The opinion of the court was delivered by: MUNSON
MEMORANDUM-DECISION AND ORDER
HOWARD G. MUNSON, CHIEF UNITED STATES DISTRICT JUDGE
On October 19, 1984, a federal grand jury returned a seven count indictment against the above-named defendants, charging them variously with bankruptcy fraud and related offenses in violation of 18 U.S.C. § 152. More specifically, the Government alleges that defendants Preslar and Weichert engaged in a criminal conspiracy to conceal the assets Of a bankrupt corporation by transferring its inventory, cash and other property to a separate and distinct solvent corporation. All of the overt acts contained in the indictment are alleged to have occurred between August 1, 1981 and October 1, 1981.
Presently before the court are motions by both defendants to dismiss the indictment on the ground that their prosecution is barred by the Government's constitutionally impermissible delay in bringing the instant charges. See Rule 12, Fed. R. Crim. P. Additionally, defendant Preslar has moved pursuant to Rule 12 to dismiss the indictment "in the interests of justice" on the ground that his prosecution by the Government violates an express plea agreement between the defendant and the United States Attorney's Office. In the alternative, defendant Preslar seeks suppression of any and all evidence disclosed to the Government pursuant to the alleged plea arrangement, on the grounds of "coercion, deceit and fraud" on the part of the United States Attorney. See Rules 12 and 41(f), Fed. R. Crim. P. Finally, in the event that this court finds that defendant Preslar was an agent of the Government and that he acted in accordance with the terms of an express plea agreement, defendant Weichert seeks suppression of any and all evidence obtained as a result thereof in violation of his right to counsel guaranteed under the sixth amendment to the Constitution of the United States.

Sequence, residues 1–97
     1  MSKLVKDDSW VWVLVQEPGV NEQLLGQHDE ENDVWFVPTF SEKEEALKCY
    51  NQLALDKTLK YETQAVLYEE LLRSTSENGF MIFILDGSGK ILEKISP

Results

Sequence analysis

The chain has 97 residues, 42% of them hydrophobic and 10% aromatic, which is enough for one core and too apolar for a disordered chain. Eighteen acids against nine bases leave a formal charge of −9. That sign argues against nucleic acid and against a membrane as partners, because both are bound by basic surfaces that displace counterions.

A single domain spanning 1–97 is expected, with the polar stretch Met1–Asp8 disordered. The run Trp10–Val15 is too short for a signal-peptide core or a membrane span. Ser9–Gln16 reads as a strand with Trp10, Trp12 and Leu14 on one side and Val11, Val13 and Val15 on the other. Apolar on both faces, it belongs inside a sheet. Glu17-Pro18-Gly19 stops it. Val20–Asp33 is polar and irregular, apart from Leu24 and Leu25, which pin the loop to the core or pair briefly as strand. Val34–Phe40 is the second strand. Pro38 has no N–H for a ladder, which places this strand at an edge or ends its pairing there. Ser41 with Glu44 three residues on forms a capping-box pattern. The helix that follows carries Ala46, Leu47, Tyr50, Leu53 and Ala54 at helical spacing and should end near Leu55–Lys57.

An evidentiary hearing was held to resolve the factual issues raised by the present motions on February 8 and 11, 1985. After considering the record, the testimony and demeanor of the witnesses, the exhibits, the arguments of the parties and the applicable law, the court hereby denies the defendants' motion to dismiss for impermissible pre-indictment delay. However, based upon the totality of circumstances concerning the conduct of the United States Attorney's Office vis-a-vis defendant Preslar, the court finds that: (1) an express plea agreement existed effective December 1, 1981; (2) that the present indictment is wholly inconsistent with said agreement; and, accordingly, (3) that the only remedy available is dismissal of the present indictment against defendant Preslar.